Meet in the Middle
Westrum and PLSHA also came up with a unique solution to address feedback regarding a desire for kids to learn offsides and icing and to play “real” hockey.
“We took the measurements of a three on three rink, and our rink was nice enough, when they re-did the ice in the summer, they actually marked off the dots where the net would go for that distance and then also marked where the boards would go,” said Westrum. “We were able to create the same feel of a three on three rink so it wasn’t as big as the normal ice.”
On Wednesdays, they would set the boards up in the dimensions of a three-on-three rink and hosted a Stanley Cup season. Each team wore an NHL logo, and they played games on the modified rink.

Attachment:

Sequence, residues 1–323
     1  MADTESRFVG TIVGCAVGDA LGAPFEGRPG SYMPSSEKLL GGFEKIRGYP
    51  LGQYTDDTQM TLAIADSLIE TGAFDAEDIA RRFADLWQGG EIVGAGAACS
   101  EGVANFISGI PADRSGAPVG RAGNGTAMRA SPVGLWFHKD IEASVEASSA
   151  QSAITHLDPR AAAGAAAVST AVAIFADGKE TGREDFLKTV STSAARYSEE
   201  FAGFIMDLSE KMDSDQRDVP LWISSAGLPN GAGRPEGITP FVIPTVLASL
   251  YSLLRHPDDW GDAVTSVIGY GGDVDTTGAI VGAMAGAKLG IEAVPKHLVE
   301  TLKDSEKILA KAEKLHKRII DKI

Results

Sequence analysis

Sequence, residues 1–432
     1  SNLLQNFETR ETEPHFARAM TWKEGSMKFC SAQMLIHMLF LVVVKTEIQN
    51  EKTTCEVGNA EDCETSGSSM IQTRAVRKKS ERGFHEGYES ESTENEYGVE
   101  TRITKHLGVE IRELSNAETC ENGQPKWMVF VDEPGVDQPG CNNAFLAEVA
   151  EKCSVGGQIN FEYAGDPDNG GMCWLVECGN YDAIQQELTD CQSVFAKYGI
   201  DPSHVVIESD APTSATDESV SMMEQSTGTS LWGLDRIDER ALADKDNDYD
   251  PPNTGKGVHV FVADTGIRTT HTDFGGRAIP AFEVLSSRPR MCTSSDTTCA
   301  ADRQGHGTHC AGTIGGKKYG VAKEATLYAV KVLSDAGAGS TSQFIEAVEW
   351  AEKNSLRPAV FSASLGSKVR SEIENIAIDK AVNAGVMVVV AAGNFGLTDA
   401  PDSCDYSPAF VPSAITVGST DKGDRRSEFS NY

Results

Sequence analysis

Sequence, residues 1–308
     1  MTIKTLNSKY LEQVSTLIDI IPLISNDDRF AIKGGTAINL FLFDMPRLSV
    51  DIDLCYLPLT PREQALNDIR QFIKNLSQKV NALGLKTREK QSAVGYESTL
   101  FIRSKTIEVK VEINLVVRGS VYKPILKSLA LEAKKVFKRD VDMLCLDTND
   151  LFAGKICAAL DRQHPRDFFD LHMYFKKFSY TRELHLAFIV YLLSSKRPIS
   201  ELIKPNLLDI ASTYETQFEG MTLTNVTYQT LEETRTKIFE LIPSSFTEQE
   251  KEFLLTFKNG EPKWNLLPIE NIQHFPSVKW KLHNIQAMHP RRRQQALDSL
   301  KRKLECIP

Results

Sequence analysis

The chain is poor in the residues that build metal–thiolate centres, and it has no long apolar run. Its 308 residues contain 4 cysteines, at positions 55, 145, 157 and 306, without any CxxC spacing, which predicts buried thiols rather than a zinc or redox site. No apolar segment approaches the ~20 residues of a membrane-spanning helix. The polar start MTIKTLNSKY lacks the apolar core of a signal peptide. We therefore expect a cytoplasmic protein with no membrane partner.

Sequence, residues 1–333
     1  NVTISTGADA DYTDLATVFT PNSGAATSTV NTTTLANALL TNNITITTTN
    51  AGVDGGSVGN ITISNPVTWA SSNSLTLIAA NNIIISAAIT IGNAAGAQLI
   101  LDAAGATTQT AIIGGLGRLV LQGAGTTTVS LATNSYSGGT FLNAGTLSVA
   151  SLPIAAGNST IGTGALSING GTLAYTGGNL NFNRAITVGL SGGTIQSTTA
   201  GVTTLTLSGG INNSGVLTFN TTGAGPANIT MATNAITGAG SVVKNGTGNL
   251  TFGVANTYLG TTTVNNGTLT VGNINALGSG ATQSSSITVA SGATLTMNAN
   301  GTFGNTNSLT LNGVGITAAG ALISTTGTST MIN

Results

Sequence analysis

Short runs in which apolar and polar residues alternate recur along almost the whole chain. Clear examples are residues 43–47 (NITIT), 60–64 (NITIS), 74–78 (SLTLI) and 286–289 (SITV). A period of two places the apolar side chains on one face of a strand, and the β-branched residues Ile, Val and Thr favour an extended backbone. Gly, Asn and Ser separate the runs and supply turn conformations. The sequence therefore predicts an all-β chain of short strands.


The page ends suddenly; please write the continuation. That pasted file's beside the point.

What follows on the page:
“We would have two teams playing a mini-game in the middle, and then on the outside, you would have two teams working on skills,” said Westrum. “Then, we would send two teams to Elite Gymnastics, and they would do off-ice tumbling and gymnastics stuff. The next week it would rotate and two of the other teams would go.”
With an ice sheet that still had both blue lines and the red line in play, the coaches were able teach kids about off-sides and icing.
“We would tell the kids here’s what offsides is and we would do it off the ice,” said Westrum. “When it was icing, the whistle would blow and they would have to skate back to their net, tap their goalie, and they could go again. Or offsides, if they went over too soon, they would have to go back and tag their goalie. After a while, they’re like, ‘do I really want to have to go back and tag my goalie? No. Instead, I’m going to figure out why the coach is blowing the whistle.’”
“They were getting so many more puck touches, and it was more real for them.”